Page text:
Re: [TLS] HTTPS client-certificate-authentication in browsers

Anders Rundgren <> Mon, 25 July 2011 12:59 UTC

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Date: Mon, 25 Jul 2011 14:58:54 +0200
From: Anders Rundgren <>
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Subject: Re: [TLS] HTTPS client-certificate-authentication in browsers
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On 2011-07-25 14:31, Henry Story wrote:
> Hi Anders, I kind of lurk here, but I don't think that client side
> CAs are impossible to get right in the browsers. They are pretty close
> to doing things right. Logout from the browsers would not be that difficult
> to do. I kept thinking that the W3C project could stimulate
> the improvement of these pieces.
> But I would be interested in feedback from this list on the subject.

Hi Henry,

If there had been a *single* mainstream service of US origin who used
HTTPS CCA this would be fixed in record time.

The tenths of millions of users of "homegrown" PKI authentication schemes
in the EU and Asia apparently don't think HTTPS CCA is particularly useful,
neither do I.  TLS' session context is incompatible with web sessions.

For our mutual interest, PKI for consumers, it doesn't really matter what
the end-solution will be, but an educated guess is that will not build
on HTTPS CCA, but on HTTPS with + an application.  This is BTW pretty
much what has happened with HTTP auth versus form-based auth.

Fortunately this can be introduced without redeploying PKI so it is a
true "migration solution".


> Henry
> On 25 Jul 2011, at 14:06, Anders Rundgren wrote:
>> Hi Guys,
>> I don't really know who "owns" this question but presumably you do...
>> HTTPS client-certificate-authentication in browsers
>> ===================================================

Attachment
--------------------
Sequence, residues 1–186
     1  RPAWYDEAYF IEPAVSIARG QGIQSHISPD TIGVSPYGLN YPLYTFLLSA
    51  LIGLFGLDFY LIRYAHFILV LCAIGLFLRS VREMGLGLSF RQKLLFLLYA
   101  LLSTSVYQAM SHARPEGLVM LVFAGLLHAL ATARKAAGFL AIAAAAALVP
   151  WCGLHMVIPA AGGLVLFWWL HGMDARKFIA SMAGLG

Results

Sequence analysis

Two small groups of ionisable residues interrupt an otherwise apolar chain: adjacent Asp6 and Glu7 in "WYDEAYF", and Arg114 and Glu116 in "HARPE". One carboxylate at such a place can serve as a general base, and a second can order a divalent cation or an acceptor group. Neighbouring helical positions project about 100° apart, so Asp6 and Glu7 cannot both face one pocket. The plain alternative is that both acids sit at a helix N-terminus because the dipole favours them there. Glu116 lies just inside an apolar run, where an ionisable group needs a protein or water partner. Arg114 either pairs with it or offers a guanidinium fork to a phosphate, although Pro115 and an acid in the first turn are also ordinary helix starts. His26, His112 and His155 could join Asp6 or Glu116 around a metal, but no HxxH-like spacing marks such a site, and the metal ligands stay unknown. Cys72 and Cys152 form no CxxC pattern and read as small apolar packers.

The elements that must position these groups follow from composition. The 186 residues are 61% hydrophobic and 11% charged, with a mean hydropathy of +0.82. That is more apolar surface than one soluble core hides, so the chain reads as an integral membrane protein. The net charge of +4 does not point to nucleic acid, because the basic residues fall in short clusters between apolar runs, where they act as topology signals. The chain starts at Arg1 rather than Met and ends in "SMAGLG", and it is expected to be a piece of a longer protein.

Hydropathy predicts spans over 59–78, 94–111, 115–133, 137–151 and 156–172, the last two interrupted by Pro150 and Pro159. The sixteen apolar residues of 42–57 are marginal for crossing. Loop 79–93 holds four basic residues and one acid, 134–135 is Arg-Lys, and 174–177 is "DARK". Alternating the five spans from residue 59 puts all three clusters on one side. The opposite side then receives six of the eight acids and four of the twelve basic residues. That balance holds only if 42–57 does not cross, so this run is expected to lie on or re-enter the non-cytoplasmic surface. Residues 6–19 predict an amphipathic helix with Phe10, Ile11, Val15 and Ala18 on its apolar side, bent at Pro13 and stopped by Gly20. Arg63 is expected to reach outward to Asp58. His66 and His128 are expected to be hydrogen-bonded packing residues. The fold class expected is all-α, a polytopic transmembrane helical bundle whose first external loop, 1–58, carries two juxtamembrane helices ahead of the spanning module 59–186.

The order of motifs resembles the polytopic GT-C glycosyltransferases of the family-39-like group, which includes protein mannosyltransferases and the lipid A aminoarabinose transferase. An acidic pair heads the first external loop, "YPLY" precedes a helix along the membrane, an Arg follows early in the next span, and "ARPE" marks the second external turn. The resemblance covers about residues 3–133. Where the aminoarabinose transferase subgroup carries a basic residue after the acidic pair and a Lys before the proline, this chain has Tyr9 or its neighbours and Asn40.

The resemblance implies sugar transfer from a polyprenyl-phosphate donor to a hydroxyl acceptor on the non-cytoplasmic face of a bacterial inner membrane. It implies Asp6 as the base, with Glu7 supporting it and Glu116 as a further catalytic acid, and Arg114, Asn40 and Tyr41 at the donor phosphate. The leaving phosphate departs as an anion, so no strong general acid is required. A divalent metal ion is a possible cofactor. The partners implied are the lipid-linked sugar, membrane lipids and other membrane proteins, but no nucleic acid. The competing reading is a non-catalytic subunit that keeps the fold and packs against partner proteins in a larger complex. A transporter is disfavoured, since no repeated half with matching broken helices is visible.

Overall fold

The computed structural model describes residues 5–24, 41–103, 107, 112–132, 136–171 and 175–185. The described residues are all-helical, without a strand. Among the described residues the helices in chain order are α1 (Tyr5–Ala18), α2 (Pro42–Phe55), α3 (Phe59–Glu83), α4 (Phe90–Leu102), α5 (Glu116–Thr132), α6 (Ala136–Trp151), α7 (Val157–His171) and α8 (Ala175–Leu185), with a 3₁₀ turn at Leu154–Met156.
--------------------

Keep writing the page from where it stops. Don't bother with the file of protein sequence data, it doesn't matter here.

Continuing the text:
>> I don't believe that TLS CCA (Client Certificate Authentication) in the
>> form of HTTPS as implemented in current browsers has much of a future.
>> In fact, quite a bunch of the entities in the EU working with consumer PKI
>> have replaced HTTPS CCA with an application level scheme which wasn't such
>> a big deal since they anyway were forced writing a browser PKI client more
>> or less from scratch since the ones shipped with browsers doesn't support
>> PKI as defined by banks and government (like mandatory PIN codes also
>> for on-line enrolled keys).
>> That the TLS CCA protocol doesn't even support "Logout" haven't made
>> it a logical choice for web developers either.  Well, there are some
>> workarounds but they are by no means straightforward, supported
>> out-of-the-box by server authentication schemes, and are (of course)
>> entirely undocumented.
>> The button "Clear SSL state" in MSIE is an indication how horribly bad it
>> can go when security experts design systems for "people".
>> There's no way you can hide the fact that TLS CCA is only truly useful
>> securing tunnels between "boxes".
>> Anders
>> _______________________________________________
>> TLS mailing list
> Social Web Architect